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The Credit Crunch (often called the Credit Crisis) is not about the fact that banks can't just type new loans in their computers. Banks can put anything in their computers, they just need to stay in their books within governmental own equity demands in their books for each type of credit (this is 0% for governmental credits, 4% for mortgages, 8% for blank uncovered consumer credit, etc). Just in their books, with auditing by auditing company that is paid by them. This who audit the banks is the huge weak spot in current banking system. Banks are so complex and have so much ways to 'cook the books' (produce the desired figures) that this governmental legislation more can be seen as an advice, just due the fact that there are in accounting more than thousand ways to Rome. The required Tier One (bank own equity) capital is therefore just something of a good basic theory. Any auditor (paid by the bank, not by the legislation enforcer) can provide the bank one thousand new ways to get the desired Tier One capital level, and as these on 1000 ways and the 1000 ways of the auditors to cook the books are not enough there is always the SIV (Special Investment Vehicle) capable of clean up / distress any stressed bank balance sheet: the final (suitable for any purpose) magic book cooking device. The SIV is a partial by the bank owned company that holds assets (as in: holds debts, as in: debt is just a temperately negative appearing status of an asset). The amount the other partners has to pay for their share is related to the hurry the bank has with cleaning up her balance sheets. There are SIVs that hold no real value anymore but just stay alive as channeling taking looses for the shareholders. Instead of taking the looses into the balance sheets, they value the assets according to 'historical valuation' and even make 'profit' by adding the interest of loans up to the loans. Financials are the fruitcakes of the world. Managed by people who has lost their sense of for the value of money and for real assets and real profits. Capital is a long term economic facility and it's managed mostly by people who have short term visions and motivations (as in: their own this years bonus). So the Credit Crisis is not about banks that not where any more able just to type new loans in the computers, but about the fact that the engine behind that justifies all that (rise of house prices) stopped and the whole financial system that was build on endless growth of house prices got derailed by that. It's the mystery of our decade how on earth a complete industry really was able to believe in such a thing as endless accelerating home price growth. Intelligent people where blinded. What causes the stop of the engine that justifies rapid loan creation? In 2006 the US house prices stopped to rise. Not strange. There is a limit to everything, and there is certainly a limit to the amount of interest a household can pay and therefore a limit to the purchase amount of a house. The financials where so brilliant that not anyone in the whole industry say that if house prices rise more sharply than the economy (as in: purchase power, as in: payment power) that there is an end to this as this difference reach maximal tension. The financial industry has even build their whole business model on it: Customer, pay this year almost nothing, pay next year, but if you than re negotiate your mortgage based on the value than, you can pay the next year once again almost nothing (of course we add the cost of re entering a new mortgage to the new mortgage), just sign now and pay never, just become part of our financial game. Not strange that this kind of behavior lead to top prices (something quite different than value) of houses. Not strange that 75% of the people working (or must we say: worked) in the finance selling industry in Florida are convicted inhabitants (criminals is such a stigmatizing word, so we don't use it). Arranging the right documentation was the slogan. No passport? They take care for it. Bad credit record? They fix it for you within a few days and for a 'few' dollars. Higher valuation report? No problem, consider it as done (the costs of all these services are of course paid by the mortgage on credit). Buy a house, let it empty, get a signing fee each year when you rearrange the mortgage. Take debts and consuming your future now, that's the way to do this. All right, home prices could not rise any more, even the above fake market has eventually it's limitations. So the home prices didn't go up since 2006. So people couldn't arrange a new higher mortgage, so people must start actual to pay for mortgage, something they haven't done for more than a decade. That was certainly a new experience. Certainly for the whole breed of new home owners. And certainly for those who had take a first year interest discount, (how to sell some something he/she can't afford: sell it with credit on their interest on their credit -this is no a typo, it's is as it is written-) and where 'suddenly' faced in the second year with 10-15% interest rates an huge home purchase amount with all the costs on top of it. A market that can no longer up, goes down. First slowing, than standing still and than going down in a much higher speed than it has gone up. Debt that hurts the state of mind/household. Consuming the future was yesterday nice, but today it isn't and tomorrow it will hurt. Foreclosures became a facet of life in the US. First the foreclosure prices where just a little lower, and they didn't disturbed the market prices (giving the foreclosure traders still a good margin), but as demand stopped (not demand: nobody want to stop the game, but finance possibilities dried up and by that demand), the foreclosure prices where driven down till sometimes 50% of the purchase value and even than almost 50% of the forecloses didn't find a buyer in their public offering, bringing the US an new modern words top 10 word: bankowned. If several objects in a neighborhood are sold for 50% of their initial 'value' and many other objects in a neighborhood are bankowned, the prices of the other objects in the neighborhood will be minus 40% on 60%. Where is the bottom of this? The bottom is when there are no bankowned homes more in the market. Meanwhile the American economy fuelled by this artificial housing bubble starts to slow down by the more and more redrawing of this artificial fuel. Suddenly the US economy is no longer about 72% consu­ming and only 28% producing. Everyone with any sense could tell this, but strangely nobody really saw that this was just a short kick of overstretched fun, that requires a long period of correction. Meanly an other problem grows: we all had bought a SUV that consumed a lot of gas and we have bought all big (really big) homes far away from our workplaces. Big cars take a lot of gasoline, riding big distances in big cars even more, big homes take a lot of heating oil. But oil was getting each year doubled in price. We lost purchase power, foreign nations start to 'tax' our oil addiction at a different price. Strange that the SIV and the SUV has both wrecked us and the SUV has wrecked the SIV. So home prices severely down, purchase power (as in: payment power) severely. People starts to pay later, the heaviest gambling SIV goes down first: two of Bear Stearns and one of Carlyle: they barely could not take a month payment delay of they customers and when the lenders did their margin call (correction payment in the tight framework of their debt to asset value ratio) they defaulted and where tear down by their lenders. As example the Carlyle case: Carlyle Capital literally said in their prospectus that investments in Carlyle Capital had a high risk exposure. On top of that the CEO of Carlyle Capital said in an interview in a financial newspaper on their IPO day in Amsterdam: "there are and always will be bigger fools" and yes they were: the whole offered stocked is bought by European pension funds, who lost it 2 years later (of course the shares are still valuated in their balance sheets). Carlyle used Carlyle Capital to unload Carlyle Group of their whole CDO exposure. There where bigger fools. The pension funds that provided the equity and the banks that provide (30 times equity sized) margin loans based on it. For the Carlyle it is just waiting till lawyers will confront them with 'planned and organized deception' which will be the end of the Carlyle Group, forced by claims or they liquidate just before that. Back to why lending dried up (home prices stop growing). Back to why some financials defaulted (to low equity to resist any payment delay of the borrowers). Back to why banks don't trust each other (they know their own skill in cooking the books, no bank knows the real situation of their counter partners). The Credit Crisis is therefore also about a not any longer smooth operating interbanking credit system. Banks don't trust each other anymore. It takes one to know one. What are the consequences of the fact that they don't trust each other (demanding immediately settling of all open accounts)? The gamblers got in to trouble, and the FED give them the money the need for paying their overexposed debts. Why? First of all otherwise other banks should fall instantly like domino stones. In the view of the FED was the salvation of one, the salvation of all. But the trouble (as in: 1) fall of the house prices and 2) percentage of overdue mortgage payments (due high mortgage and high interest rates) was not over. Both facets growth steady bigger and bigger. The real impact of the Credit Crisis begins to enfold to everyone bit by bit. Some even start to calculate the estimated size. Some (the less smartest) says the problem is over, while the home prices still drop and the overdue rate on mortgages still rise: these people see markets as the weather and have no capacity to look to the causes of this all. The US Administration is well aware of the current size of the problem and the fact that the problem gets bigger every day and has choose to socialize the debts. No strong leadership, but just throwing both governmental and FED money at it. But the fire is bigger than and require more water than the US Administration and the FED can give without causing severe negative consequences for both the USA Government and the Federal Reserve. After the CDO troubles a complete new wave of troubles is on our way: the CDS (Credit Default Swaps) problems. The CDO and CDS market together are $ 64 trillion in size (according to the Bank of International Settlements). Their real value is unclear. After that the muni's (Municipal Bonds) will come into trouble. And the Treasuries will not a problem anytime (as the OMC of the FED can buy this as much as they want with printed money). All these fake values are the reason why any solution for the financial industry must let this whole house of cards completely untouched: no one card may default, otherwise the consequences are total collapse of the whole system. All values must stay in the books valuated against historical values. The whole financial industry has shifted to a complete unrealistic model. The only real payers in this value bubble are the taxpayers and the pension fund payers. Both situations can not go on for much longer. The USA needs a Gorbashev who just say: we're broke, let's stop keeping up appearances of this unreal value issue and work out a real solution. That solution will be that all banks, financials and pension funds can sale each stressed/worthless asset for purchase price to a governmental bailout fund (socializing debts) combined with a guarantee that foreign assets owners can trade this debts against real produced products produced in the US. Than everybody got what they want and nothing collapse, maybe not even the dollar than. This is the only clean way out and success not guaranteed. The Credit Crisis is about insolvent banks, that not even have day to day liquidity anymore, bit must borrow that from the Central Banks, caused by both overcooked balance sheets and structural declining payment power of the borrowers. The Credit Crisis is about the current economic status of the USA: its real (not artificial) economic value (as in: actual purchase/payment power).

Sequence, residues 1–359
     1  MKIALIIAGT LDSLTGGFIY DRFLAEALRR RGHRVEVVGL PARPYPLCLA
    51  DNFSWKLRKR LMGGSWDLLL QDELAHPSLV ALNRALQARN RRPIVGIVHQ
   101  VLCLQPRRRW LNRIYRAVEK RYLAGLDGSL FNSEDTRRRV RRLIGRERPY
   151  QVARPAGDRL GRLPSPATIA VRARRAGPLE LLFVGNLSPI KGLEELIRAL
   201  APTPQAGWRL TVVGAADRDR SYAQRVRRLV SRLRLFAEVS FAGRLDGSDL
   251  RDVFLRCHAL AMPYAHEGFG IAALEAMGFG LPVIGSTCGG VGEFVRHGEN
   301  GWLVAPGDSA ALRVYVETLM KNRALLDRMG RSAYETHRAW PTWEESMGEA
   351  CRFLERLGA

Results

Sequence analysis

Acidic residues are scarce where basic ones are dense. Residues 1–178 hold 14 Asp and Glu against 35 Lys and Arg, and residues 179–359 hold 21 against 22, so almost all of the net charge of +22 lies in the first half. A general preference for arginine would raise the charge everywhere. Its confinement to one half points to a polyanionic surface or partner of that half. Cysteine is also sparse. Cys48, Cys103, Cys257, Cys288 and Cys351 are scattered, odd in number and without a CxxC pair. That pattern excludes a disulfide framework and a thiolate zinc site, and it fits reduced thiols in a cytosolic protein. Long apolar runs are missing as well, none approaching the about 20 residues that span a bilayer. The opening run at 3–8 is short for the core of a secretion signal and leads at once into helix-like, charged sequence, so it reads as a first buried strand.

Author: Gijs Graafland